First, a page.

THE DAILY REFORMER (NEW YORK, UNITED STATES)
The COVID-19 vaccines developed by Pfizer/BioNTech and Moderna are about 95 percent effective at preventing symptomatic illness. What does that really mean? It does not mean that 95 percent of people are protected from disease with the vaccine, as Oxford Centre for Global Health Research infectious disease specialist Piero Olliaro recently explained in the Lancet. Olliaro notes that an earlier ambiguous editorial in the Lancet may have lead readers to make just such a mistaken inference.
What the 95 percent figure really means here is that vaccinated people in the clinical trials had a 95 percent lower risk of getting COVID-19 compared with the unvaccinated control group participants. That means that vaccinated people were 20 times less likely than the control group to get COVID-19.
Olliaro looked at what a 95 percent vaccine efficacy rate would mean in a hypothetical case in which a population of 100,000 people have all been vaccinated. Applying the 1 percent rate at which unvaccinated folks became ill during the vaccine trials over three months suggests that 1,000 people in an unvaccinated population of 100,000 would fall ill. But because all 100,000 people are vaccinated, the actual rate in the vaccinated population would be just 50 cases (0.05 x 1,000 = 50 cases).
As Olliaro pointed out:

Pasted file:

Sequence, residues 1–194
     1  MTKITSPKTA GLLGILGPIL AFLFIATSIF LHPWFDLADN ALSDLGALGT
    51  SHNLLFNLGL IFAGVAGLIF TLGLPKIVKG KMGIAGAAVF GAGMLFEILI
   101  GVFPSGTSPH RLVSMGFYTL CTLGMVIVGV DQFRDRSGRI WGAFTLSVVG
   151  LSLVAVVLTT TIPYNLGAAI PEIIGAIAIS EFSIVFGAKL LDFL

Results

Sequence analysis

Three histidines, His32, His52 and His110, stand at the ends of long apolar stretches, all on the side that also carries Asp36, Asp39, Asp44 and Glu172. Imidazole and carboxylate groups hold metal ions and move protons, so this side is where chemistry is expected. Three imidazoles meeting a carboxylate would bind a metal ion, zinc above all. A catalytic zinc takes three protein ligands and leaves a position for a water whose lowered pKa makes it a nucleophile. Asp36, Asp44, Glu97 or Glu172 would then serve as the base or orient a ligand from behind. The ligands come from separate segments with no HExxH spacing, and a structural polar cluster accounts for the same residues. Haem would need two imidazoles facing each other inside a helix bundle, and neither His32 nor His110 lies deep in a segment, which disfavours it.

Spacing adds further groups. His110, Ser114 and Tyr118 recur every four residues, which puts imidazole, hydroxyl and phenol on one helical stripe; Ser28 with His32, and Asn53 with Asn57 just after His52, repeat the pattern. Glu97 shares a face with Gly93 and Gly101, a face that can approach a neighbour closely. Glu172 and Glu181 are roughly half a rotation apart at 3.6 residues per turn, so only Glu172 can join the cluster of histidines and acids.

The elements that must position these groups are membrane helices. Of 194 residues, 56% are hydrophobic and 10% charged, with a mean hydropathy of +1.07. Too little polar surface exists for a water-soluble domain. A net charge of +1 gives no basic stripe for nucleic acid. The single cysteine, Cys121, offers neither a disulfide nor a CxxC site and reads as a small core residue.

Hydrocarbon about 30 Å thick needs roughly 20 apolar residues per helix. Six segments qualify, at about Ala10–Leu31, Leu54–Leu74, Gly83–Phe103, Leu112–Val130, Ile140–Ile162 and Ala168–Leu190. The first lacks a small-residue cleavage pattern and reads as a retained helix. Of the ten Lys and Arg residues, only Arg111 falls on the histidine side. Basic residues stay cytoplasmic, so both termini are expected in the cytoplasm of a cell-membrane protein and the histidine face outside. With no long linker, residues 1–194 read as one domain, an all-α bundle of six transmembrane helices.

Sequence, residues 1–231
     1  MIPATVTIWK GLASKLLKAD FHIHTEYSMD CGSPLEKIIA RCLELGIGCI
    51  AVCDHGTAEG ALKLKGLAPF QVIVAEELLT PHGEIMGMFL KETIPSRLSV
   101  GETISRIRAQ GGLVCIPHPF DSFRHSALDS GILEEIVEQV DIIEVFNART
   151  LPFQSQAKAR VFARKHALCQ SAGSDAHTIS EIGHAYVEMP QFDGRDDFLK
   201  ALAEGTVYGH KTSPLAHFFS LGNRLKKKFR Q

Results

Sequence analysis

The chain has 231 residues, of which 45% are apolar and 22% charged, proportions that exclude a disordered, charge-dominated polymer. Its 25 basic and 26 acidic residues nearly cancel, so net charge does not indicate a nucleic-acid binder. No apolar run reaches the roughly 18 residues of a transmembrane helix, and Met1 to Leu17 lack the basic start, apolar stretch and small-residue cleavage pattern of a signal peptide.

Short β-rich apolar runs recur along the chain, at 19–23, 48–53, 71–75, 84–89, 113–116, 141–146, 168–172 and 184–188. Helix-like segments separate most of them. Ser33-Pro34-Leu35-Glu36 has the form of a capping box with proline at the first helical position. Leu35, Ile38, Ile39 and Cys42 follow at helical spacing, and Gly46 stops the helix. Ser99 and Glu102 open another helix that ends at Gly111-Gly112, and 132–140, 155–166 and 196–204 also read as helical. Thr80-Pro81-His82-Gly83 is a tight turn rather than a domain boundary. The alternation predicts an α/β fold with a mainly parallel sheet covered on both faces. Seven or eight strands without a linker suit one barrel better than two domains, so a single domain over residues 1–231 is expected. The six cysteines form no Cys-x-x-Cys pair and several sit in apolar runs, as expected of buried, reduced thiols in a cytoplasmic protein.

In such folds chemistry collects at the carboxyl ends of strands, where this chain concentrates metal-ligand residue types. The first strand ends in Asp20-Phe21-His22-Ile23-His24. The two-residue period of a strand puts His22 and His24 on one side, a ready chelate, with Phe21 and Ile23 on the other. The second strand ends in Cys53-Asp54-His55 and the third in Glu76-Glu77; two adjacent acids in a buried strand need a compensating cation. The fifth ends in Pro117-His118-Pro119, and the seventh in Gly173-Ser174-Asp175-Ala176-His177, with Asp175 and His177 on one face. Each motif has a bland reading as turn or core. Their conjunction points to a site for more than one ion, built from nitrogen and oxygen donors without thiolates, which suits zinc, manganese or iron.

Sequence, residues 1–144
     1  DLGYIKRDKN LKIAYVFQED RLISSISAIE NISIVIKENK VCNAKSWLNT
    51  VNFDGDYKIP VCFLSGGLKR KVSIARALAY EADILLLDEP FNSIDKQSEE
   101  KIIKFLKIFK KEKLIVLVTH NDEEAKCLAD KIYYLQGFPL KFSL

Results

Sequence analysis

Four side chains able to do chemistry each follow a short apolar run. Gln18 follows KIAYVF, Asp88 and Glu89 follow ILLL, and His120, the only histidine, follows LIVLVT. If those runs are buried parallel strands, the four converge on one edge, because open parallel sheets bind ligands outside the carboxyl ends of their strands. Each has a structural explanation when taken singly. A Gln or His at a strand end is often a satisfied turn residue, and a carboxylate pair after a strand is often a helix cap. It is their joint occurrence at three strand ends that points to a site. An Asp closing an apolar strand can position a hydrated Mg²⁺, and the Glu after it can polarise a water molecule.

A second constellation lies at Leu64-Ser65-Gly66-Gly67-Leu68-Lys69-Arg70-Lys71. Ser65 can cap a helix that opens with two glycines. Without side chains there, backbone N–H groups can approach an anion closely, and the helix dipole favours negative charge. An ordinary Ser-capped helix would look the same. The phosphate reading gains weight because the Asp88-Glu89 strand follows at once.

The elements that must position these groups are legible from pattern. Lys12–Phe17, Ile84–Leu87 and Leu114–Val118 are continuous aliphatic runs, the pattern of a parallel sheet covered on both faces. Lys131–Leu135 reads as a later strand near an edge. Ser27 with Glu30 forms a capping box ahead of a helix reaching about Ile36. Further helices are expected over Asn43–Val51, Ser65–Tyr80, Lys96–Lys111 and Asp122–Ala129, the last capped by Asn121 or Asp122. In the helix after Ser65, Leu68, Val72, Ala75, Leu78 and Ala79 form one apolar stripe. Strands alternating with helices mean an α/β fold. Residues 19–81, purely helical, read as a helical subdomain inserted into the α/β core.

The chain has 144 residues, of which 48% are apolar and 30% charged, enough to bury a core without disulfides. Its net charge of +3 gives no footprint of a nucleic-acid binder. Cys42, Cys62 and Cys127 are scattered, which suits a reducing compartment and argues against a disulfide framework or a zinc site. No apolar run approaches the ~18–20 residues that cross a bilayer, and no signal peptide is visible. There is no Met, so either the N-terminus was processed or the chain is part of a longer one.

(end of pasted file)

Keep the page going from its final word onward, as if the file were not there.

The mRNA-based Pfizer and Moderna vaccines were shown to have 94–95% efficacy in preventing symptomatic COVID-19, calculated as 100 × (1 minus the attack rate with vaccine divided by the attack rate with placebo). It means that in a population such as the one enrolled in the trials, with a cumulated COVID-19 attack rate over a period of 3 months of about 1% without a vaccine, we would expect roughly 0·05% of vaccinated people would get diseased.
There is even more good news about COVID-19 vaccine efficacy. As LiveScience reports, the Pfizer/BioNTech, Moderna, and Johnson & Johnson clinical trials all found that their vaccines were essentially 100 percent effective in preventing severe disease six to seven weeks after trial participants had received a first/single dose. As biotech journalist Anna Nowogrodzki notes, “Zero vaccinated people in any of the trials were hospitalized or died of COVID-19 after the vaccines had fully taken effect.” Now that’s the kind of vaccine efficacy that we can all cheer.
Further good news is that Pfizer/BioNTEch and Moderna, which have so far distributed 75 million doses of their vaccines in the United States, are now pledging to steeply ramp up their vaccine deliveries to 140 million additional doses by the end of next month. Johnson & Johnson, whose one-shot vaccine could be approved by the Food and Drug Administration by this weekend says that it can deliver 20 million doses in the United States by the end of March. Which vaccine to take? The first one you can get.
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